Last week, several area farmers offered a reminder to residents and officials of Yankton County that agriculture is still a vital cog in the local economy.

They did this by moving 27 agricultural vehicles, mostly tractors, through the streets of Yankton in what was described as a tractor parade. (Organizers were hesitant to call it a protest.) The parade wound up at the Yankton County Government Center, where the county’s planning and zoning commission was meeting. Parade participants who spoke with the Press & Dakotan expressed concern or displeasure with the planning board over decisions that, they claimed, are hurting farmers. The participants were also unhappy with the composition of the board, which now includes few farmers.

Whether a reminder of the integral role of agriculture in the local economy was necessary probably depends on your point of view.

Nevertheless, the demonstration was the latest turn in the ongoing debate in this county over zoning issues, the development of concentrated animal feedlot operations (CAFOs) and urban growth in rural areas — all issues that have stirred divisions here in recent years.

The issue has grown even sharper in recent months. Last fall’s county commission election swept out three incumbents who were advocates of agricultural growth that included facilitating the development of CAFOs in the county using existing zoning regulations. The new commissioners are seen as taking a different direction that’s more attuned to critics of CAFO development.

As we’ve noted before in this space, what the two sides seem to bring to the table feel like two different realities. Those who are against CAFO development say they want to protect the environment and the county’s quality of life. The pro-CAFO advocates say the new facilities adhere to strict zoning standards and are designed to be sensitive to environmental concerns and, thus, the county’s quality of life. Third parties might genuinely get lost trying to sort all this out.

Last week’s parade would seem to serve as a reminder of something that’s also been noted here previously.

This is a rural state, and farmers have to be able to do business in this county in order for Yankton County to survive economically.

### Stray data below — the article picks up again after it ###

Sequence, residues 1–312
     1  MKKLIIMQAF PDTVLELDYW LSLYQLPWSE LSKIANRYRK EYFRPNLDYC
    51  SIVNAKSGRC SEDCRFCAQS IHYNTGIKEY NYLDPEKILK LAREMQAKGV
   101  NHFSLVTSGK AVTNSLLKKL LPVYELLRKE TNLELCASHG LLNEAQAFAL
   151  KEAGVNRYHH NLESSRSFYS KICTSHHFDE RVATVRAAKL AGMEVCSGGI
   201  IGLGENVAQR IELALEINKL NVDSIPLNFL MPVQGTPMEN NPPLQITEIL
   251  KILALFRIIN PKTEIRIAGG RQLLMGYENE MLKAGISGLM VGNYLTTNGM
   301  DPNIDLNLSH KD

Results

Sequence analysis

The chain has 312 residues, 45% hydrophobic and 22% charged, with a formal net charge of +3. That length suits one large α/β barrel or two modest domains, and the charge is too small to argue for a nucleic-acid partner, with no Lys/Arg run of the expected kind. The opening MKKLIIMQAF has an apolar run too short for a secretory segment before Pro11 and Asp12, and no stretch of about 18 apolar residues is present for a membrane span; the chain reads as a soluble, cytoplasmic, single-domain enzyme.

That being said, the environmental concerns cannot be ignored. We don’t want Yankton County (or any area county) to resemble some of the stories we’ve heard emanating from other states where CAFOs are rampant and their impacts on air and water are quite evident.

There has to be an effective balance.

But that’s easier said than done. The crafting of zoning regulations was a long process, and it had to weigh the aforementioned issues. It’s the document that now regulates development.

Differences and conflicts remain, however. Last week’s parade was an indication of that.

Thus, the discussion continues — rather, it needs to continue. The balance that must be found is a constantly moving target, and the work to reach that point can never end.


(5) comments


It would appear that “SOME” farmers feel they are entitled to ‘do what they want’ as ‘city folks’ know nothing nor do they have any respect for farmers. That is a false narrative and it is comical in the fact that many city folk’s upbringing was from a family farm. INFACT, you would be hard pressed to find many city citizens in South Dakota not being able to reminisce about life on a family farm.

Another narrative is “how hard farming is”. Today’s modern technology allows existing farmers to easily till and plant 1000’s of acres in big tractors and many are now fitted with gps, air conditioning, computerized cruise control, automatic transmission and many more features. (some most recently seen have a track wheel system to deal with wet soil) Remember the Model T and compare it to todays vehicles, much improved. Remember the 4-row corn planter and now compare that today’s equipment. So what has gotten ‘harder’? or more ‘difficult’?